A step towards Global Regulatory Harmonisation?
Regulatory Authorities are facing an increasing workload as a result of the growing number of generic applications on one hand, and the demand for accessible, lower-cost quality medicines on the other.
In an attempt to address this issue, Regulatory Authorities have tried to set the grounds for collaboration, towards a faster mechanism for the approval of generic products. As a result, the International Generic Drug Regulators Pilot (IGDRP) was launched in 2012, with the participation of the Regulatory bodies of EU (EMA), USA, Canada, Australia, Singapore, Switzerland, Brazil, China, Chinese Taipei, Republic of Korea, Japan and Mexico. Since its first launch, the Regulatory bodies of New Zealand, Russia and South Africa have also joined the IGDRP.
An Attractive Healthcare Market with Significant Regulatory Hurdles
With a population of 51 million, and a gross domestic product (GDP) that nearly tripled between 2000 and 2012, the Republic of South Africa (ZA) is the largest economy on the African continent and a member of the ‘BRICS’ group of emerging world markets. Whilst it cannot be denied that political and social problems still remain, South Africa has made great strides forward during the last quarter of a century. In December 2013, the eyes of the world were fixed on the country, as nations came together to mourn the passing of former president Nelson Mandela, who played a crucial role in the dismantling of apartheid and the re-emergence of South Africa from international isolation. This year will mark the 20 year anniversary of the country’s historic first ‘non-racial’ elections.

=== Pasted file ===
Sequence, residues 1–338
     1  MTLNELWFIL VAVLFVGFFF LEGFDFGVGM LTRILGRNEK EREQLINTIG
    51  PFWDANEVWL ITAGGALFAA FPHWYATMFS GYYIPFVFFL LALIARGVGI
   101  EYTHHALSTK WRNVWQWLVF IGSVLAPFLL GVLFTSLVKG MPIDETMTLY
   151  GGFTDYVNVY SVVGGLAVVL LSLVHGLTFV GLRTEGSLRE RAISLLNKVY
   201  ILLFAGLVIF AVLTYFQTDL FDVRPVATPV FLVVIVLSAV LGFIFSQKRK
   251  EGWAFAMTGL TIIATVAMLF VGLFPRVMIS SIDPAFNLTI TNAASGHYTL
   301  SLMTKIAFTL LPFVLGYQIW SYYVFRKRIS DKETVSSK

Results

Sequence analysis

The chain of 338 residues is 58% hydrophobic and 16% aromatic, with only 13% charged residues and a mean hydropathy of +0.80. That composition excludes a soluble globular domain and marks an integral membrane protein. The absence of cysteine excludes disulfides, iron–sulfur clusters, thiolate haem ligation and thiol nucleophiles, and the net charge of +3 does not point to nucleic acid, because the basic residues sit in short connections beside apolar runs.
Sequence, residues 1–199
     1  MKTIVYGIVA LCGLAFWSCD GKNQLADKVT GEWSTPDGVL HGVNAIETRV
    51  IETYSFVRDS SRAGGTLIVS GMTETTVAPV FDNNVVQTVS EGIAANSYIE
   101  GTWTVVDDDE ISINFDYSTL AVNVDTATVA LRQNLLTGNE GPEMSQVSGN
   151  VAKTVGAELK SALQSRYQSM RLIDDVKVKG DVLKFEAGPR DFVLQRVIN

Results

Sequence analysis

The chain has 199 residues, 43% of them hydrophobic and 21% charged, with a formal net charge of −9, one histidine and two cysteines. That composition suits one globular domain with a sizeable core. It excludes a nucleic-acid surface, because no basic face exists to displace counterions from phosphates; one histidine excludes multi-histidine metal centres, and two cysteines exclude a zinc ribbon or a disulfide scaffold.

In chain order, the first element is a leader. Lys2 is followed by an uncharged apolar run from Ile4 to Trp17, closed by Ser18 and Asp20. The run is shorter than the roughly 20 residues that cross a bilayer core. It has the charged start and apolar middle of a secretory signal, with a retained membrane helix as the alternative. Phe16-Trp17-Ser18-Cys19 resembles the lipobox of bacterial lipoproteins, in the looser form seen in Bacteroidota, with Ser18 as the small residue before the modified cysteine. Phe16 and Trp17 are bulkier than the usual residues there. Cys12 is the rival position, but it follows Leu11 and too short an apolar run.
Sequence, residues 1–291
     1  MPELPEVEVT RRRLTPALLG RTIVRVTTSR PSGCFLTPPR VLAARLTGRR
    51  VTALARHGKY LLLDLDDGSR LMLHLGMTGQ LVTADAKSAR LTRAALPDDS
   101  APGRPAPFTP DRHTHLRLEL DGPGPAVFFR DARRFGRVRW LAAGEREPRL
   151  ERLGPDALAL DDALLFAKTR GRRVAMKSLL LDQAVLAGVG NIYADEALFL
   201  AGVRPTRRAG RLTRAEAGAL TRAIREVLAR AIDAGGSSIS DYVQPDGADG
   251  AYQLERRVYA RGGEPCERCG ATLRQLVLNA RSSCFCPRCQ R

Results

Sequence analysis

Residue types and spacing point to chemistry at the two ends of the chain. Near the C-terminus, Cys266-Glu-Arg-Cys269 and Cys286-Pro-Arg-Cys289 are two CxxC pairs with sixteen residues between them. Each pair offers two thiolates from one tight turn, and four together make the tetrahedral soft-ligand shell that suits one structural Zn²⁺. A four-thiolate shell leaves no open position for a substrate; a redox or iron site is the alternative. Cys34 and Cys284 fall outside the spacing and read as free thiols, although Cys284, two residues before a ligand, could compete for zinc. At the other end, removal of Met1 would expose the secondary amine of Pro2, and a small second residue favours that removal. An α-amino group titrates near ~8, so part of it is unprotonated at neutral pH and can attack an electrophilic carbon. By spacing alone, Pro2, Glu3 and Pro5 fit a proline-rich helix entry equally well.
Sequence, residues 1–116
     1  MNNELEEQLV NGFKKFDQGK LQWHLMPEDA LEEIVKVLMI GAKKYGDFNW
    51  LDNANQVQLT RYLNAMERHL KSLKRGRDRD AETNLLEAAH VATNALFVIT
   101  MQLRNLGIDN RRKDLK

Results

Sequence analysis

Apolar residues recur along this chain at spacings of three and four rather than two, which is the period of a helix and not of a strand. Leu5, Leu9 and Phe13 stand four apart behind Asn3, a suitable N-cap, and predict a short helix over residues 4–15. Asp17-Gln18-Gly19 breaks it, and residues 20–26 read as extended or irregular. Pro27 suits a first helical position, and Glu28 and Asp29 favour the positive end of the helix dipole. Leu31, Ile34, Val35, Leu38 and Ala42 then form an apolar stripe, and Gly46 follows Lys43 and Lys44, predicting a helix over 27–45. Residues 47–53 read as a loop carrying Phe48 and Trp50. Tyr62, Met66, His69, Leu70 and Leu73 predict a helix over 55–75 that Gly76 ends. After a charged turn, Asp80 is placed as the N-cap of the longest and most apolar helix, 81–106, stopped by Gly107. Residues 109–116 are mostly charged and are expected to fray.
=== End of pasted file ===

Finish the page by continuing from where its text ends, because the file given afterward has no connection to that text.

The past five years have arguably seen economic and political changes on an unprecedented and global scale. These changes have provided a new set of opportunities and challenges for the Healthcare industry.
There has been a dramatic level of growth in emergent national economies, notably the countries of Brazil, Russia, India, China and South Africa (BRICS). The magnitude of this shift in fortunes was recently highlighted in a United Nations Development Program report, within which was projected that the combined GDP of the BRICS nations would surpass the US and Western Europe by 2020. Such changes demonstrate a marked increase in the proportion of the middle classes, a greater level of personal spending and higher education as well as a concerted focus on healthcare. Such developments offer lucrative opportunities for companies to expand their market access to these markets and open up new revenue streams.